The QoL V survey results show some similarities in the proportion of African respondents (35%), coloured respondents (40%), Indian/Asian respondents (35%), and white respondents (38%) who had some form of debt. However, more African respondents (50%) had missed a debt repayment, compared to 37% of coloured, 22% of Indian/Asian, and 23% of white respondents. On average, African households in South Africa have the lowest average household income compared to other population groups (Statistics South Africa 2017) and therefore follow the pattern seen in the lower income bands in Figure 2.
Figure 2: Respondents who have debt and those who have missed a debt payment by income group (Source: QoL V (2017/18))
Map 1 and Map 2 show how debt is distributed across wards in Gauteng. Map 1 shows the proportion of respondents in each ward with debt. The proportion of respondents per ward with debt ranges from a minimum of 8.8% to a maximum of 70.9%. In wealthier wards in the northern suburbs of Johannesburg (around Bryanston), or the south-eastern suburbs of Tshwane (around Centurion), the proportion of respondents with debt typically exceeds 46%. However, it should be noted that there are a few poorer places where the proportion of respondents with debt reaches this level: Tsakane, for instance, a relatively poor township area near Springs, has 47% of respondents in debt. In some wards north of Vanderbijlpark, around Carletonville and in a township like Soweto less than 30% of respondents have debt.
Map 1: Do you have debt?
A contrasting picture emerges when respondents with debt were asked whether they had missed a debt repayment in the three months before the interview. Whilst there was a higher proportion of respondents with debt in the wards in the northern suburbs of Johannesburg (around Bryanston) and the south-eastern suburbs of Tshwane (around Centurion) in Map 1, these parts of the province have much lower proportions of respondents who had missed a debt repayment (as seen in Map 2). Meanwhile, areas such as Soshanguve, Mamelodi, Soweto and Ratanda near Heidelberg have higher proportions (more than 51%) of respondents with debt who had missed a debt repayment. In a township like Tsakane, it is evident that a high proportion of respondents have debt (47%) and a high proportion of them have missed a debt repayment (71%). While this pattern of debt burden is evident, we cannot infer from this analysis that residents in these areas will default if financial institutions offer loans to them.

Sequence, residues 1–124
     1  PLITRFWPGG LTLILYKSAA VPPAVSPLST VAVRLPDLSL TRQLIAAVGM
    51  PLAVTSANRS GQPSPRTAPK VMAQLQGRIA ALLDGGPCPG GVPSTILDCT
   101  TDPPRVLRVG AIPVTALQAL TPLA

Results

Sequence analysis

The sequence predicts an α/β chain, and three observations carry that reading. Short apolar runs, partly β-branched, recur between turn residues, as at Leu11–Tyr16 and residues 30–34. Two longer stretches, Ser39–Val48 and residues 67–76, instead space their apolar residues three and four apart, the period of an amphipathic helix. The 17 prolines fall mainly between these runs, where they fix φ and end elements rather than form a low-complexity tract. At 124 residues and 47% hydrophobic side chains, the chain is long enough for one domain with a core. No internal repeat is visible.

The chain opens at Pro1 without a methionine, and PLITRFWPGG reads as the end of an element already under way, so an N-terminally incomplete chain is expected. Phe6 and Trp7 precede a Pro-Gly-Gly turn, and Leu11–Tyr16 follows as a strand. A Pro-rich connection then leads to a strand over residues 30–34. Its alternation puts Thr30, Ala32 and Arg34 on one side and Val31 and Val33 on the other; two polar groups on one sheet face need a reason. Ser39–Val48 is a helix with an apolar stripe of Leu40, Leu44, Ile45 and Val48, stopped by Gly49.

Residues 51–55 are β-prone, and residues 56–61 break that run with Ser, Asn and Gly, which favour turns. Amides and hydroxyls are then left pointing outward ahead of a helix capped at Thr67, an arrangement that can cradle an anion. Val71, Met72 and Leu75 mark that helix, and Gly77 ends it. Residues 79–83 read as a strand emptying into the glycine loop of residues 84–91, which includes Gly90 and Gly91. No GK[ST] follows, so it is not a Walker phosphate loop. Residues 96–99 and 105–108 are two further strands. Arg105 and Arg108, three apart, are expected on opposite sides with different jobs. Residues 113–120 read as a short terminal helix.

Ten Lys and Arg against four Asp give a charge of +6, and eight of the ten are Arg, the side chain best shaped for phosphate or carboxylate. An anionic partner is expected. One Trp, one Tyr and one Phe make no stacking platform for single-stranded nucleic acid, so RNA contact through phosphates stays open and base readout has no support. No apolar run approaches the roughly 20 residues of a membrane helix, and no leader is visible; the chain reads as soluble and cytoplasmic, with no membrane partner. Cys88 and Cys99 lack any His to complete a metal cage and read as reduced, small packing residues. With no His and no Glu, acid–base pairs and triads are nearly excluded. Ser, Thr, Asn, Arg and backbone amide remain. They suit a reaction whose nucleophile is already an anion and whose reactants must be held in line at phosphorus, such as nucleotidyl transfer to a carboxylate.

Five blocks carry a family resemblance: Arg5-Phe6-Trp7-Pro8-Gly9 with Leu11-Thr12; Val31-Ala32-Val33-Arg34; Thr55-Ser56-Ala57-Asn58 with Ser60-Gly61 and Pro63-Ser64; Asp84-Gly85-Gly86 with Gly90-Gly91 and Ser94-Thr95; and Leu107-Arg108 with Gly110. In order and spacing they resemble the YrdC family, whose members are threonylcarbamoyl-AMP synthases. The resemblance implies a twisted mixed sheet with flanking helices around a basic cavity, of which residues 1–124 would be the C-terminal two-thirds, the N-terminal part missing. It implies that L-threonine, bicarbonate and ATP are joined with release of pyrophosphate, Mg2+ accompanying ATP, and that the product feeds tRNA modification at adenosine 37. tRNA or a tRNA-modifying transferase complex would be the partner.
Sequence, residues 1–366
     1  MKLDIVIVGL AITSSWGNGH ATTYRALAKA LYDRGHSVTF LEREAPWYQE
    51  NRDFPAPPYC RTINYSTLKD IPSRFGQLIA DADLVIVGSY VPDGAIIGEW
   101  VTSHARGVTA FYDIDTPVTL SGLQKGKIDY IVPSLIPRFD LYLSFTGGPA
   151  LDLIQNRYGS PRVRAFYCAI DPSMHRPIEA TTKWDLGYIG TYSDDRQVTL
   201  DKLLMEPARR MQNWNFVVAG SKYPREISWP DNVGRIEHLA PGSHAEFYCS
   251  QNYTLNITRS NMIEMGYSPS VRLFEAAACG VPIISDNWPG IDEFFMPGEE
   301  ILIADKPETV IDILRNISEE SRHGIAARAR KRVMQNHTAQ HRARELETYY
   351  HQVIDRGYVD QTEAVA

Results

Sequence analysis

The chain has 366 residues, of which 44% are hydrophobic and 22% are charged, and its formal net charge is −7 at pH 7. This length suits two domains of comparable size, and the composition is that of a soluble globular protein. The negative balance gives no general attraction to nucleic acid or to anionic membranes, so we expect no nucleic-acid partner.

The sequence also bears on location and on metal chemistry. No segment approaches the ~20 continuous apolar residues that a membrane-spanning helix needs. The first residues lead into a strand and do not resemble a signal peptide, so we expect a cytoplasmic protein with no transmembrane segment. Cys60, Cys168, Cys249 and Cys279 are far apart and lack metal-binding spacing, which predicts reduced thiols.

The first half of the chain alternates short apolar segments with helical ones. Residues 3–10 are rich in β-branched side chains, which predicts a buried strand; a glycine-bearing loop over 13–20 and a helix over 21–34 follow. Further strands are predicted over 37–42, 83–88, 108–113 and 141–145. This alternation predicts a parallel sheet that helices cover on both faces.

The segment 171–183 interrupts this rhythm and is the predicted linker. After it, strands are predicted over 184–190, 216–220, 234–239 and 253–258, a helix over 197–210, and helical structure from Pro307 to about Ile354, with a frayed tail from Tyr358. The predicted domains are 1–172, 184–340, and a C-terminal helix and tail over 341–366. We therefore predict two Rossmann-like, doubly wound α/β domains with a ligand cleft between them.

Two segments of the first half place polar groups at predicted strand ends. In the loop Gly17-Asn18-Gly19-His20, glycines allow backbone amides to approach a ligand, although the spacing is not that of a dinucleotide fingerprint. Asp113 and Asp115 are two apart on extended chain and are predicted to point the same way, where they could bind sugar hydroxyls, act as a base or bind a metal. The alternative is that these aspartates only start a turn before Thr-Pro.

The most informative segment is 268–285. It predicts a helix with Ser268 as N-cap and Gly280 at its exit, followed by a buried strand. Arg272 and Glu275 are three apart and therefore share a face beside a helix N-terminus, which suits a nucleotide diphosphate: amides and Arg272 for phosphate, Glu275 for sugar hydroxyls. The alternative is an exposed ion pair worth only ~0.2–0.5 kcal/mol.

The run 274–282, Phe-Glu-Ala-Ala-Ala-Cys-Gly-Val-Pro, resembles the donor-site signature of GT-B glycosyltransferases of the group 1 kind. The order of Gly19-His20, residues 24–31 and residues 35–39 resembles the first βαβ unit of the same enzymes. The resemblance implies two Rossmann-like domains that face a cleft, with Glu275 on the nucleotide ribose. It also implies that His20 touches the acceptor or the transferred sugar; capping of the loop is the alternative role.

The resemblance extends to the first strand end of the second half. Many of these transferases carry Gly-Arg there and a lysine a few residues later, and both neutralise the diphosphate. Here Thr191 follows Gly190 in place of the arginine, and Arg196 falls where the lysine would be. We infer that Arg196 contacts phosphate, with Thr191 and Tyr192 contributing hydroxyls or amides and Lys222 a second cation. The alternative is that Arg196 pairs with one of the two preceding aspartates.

Map 2: Have you missed a debt repayment in the last three months?
James, D., 2014. Money from nothing: Indebtedness and aspiration in South Africa. Palo Alto, California, United States: Stanford University Press.
National Debt Advisors. 2017. Debt guidance during the festive season. Available online at: https://nationaldebtadvisors.co.za/debt-guidance-festive-season/ (Accessed 19 November 2018).
Smit, C., 2015. How to avoid the festive season debt trap. Fin24, 22 December 2015. Available online at: https://www.fin24.com/Money/Debt/how-to-avoid-the-... (Accessed 19 November 2018).
Statistics South Africa, 2017. Living conditions of household in South Africa: An analysis of household expenditure and income data using the LCS 2014/2015. Available online at: http://www.statssa.gov.za/publications/P0310/P0310... (Accessed 21 November 2018).
(This article was revised slightly on 22 July 2019 to reflect some recalculations. In each case changes to figures originally provided were by no more than 1%).